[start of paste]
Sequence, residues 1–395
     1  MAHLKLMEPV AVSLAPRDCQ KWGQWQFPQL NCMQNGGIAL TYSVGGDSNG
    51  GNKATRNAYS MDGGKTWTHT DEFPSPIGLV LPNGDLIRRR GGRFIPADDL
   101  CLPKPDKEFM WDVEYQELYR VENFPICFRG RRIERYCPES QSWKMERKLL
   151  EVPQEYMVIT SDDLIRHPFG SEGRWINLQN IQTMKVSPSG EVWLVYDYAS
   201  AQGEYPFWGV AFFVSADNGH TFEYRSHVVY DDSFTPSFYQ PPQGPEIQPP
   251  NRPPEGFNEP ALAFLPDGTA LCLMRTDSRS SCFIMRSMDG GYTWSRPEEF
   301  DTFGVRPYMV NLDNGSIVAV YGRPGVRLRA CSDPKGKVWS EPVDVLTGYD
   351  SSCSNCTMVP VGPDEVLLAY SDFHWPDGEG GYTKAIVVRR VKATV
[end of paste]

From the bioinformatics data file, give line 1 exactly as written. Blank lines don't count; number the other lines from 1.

Sequence, residues 1–395